Some households in England are paying council tax equivalent to a third of their annual rent or mortgage costs.
The inequity of the council tax system has been laid bare by new data from the property website Rightmove, which reveals vast differences in the amount paid across the country.
In the most expensive area, Nottingham, residents pay more than £2,226 per year for the typical Band D home – more than 2.5 times the £829 paid by residents in affluent Westminster.
And the cost is only set to increase, as Chancellor Rishi Sunak announced at last week’s Budget that councils will be able to increase the levy by up to 3 per cent from next year.
In Middlesbrough, council tax is equivalent to 34% of an annual mortgage payment, compared to Kensington & Chelsea, where council tax is equal to just 2% of an annual mortgage payment
On average, council tax costs for band D properties are equivalent to 16 per cent of a household’s annual rent across England, and 15 per cent of annual mortgage payments – but there is huge disparity between areas.
Households in Hartlepool and Middlesbrough pay council tax equivalent to around a third of their total annual rent or mortgage bills, compared to those in Westminster where the proportion is just 1 or 2 per cent.
Council tax is a domestic property tax charged to households which is collected by local authorities.
The money is used to fund council services such as social care, schools and roads.
How much you pay depends on the council tax band assigned to the property you live in.
There are eight valuation bands from A to H (D being the average) which are based on how much the property was worth in 1991.
In Nottingham where average house prices are £241,000, residents pay the highest council tax, at £2,226 per year for the average Band D property.
This is nearly three times the £829 paid by residents in Westminster, where the average property price is a whopping £1,571,000.
Pricey postcodes: The areas with the highest council tax are Nottingham, Dorset and Rutland
Paula Higgins, founder and chief executive of the HomeOwners Alliance said: ‘The council tax bands were last set 30 years ago in 1991 and is in dire need of reform.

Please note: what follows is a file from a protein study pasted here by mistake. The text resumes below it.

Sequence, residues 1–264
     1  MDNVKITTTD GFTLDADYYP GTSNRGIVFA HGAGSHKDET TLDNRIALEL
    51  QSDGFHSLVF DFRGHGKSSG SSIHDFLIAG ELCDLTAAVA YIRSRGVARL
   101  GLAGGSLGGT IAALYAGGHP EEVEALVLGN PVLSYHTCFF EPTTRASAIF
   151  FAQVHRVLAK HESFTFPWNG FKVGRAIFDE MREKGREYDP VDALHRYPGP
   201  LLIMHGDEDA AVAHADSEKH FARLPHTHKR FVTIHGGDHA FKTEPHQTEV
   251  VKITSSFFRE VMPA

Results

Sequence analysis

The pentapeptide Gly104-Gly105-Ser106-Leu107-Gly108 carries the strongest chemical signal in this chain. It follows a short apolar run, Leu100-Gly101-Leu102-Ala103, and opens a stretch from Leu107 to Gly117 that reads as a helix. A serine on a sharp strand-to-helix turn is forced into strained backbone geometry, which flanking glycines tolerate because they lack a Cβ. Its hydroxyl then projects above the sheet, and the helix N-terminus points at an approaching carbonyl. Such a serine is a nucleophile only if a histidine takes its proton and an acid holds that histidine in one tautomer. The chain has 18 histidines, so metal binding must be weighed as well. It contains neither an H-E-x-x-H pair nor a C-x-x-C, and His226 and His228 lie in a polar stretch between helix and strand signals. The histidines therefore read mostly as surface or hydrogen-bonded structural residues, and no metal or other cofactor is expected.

‘Basing a tax on 1991 house prices means that properties in areas of highest house price growth are undervalued compared to regions where house prices have not seen the same spectacular level of growth.’
Further increases could mean home-hunters start to consider council tax costs when they’re choosing a location to move to
Tim Bannister, Rightmove
According to analysis by the Daily Mail, a 3 per cent rise could increase the number of districts charging in excess of £2,000 by 50 to 154 out of 309.
Tim Bannister, Rightmove’s director of property data said: ‘The data reveals a stark difference in the amount of council tax paid in many areas across England.
‘Further increases could mean home-hunters start to consider council tax costs much more as a factor when they’re choosing a location to move to, especially in those areas where the cost is more than, or close to, a third on top of the costs of their rent or mortgage.’
At present renters in Hartlepool, living in a property with a council tax band of D, can expect to pay £2,099 a year in council tax on top of £6,034 for their annual rent.
The areas with the lowest council tax in England are Westminster, Wandsworth and the City of London.
Areas of England with lowest council tax as a proportion of their mortgage bills.
However, renters in the London boroughs of Westminster and Wandsworth, where the average annual rents are £47,434 and £30,640 respectively, are only required to pay £829 or £845 in council tax for a band D property.
In Middlesbrough, council tax is equivalent to 34 per cent of annual mortgage payments, compared to Kensington & Chelsea, where council tax is equal to just 2 per cent of annual mortgage payments.
Who sets the rates – and why do they vary so much?
The quirks of Britain’s council tax system mean homeowners in some parts of the country are paying close to three times more than in some of the most expensive areas of London, with wealthy homeowners asked to contribute less than those on more modest budgets.
Although the Valuations Office Agency, a central government body, is responsible for working out which council tax band each home should fall into, it does not decide what those charges should be. That is up to individual councils.
While council tax is a major source of a council’s revenue, is is not their only source of income.
Government grants, transport services, parking tickets and fines, leisure centres, business rates and licensing also form part of a council’s income.
This means that some councils derive more income from other sources and can therefore choose to charge lower council tax.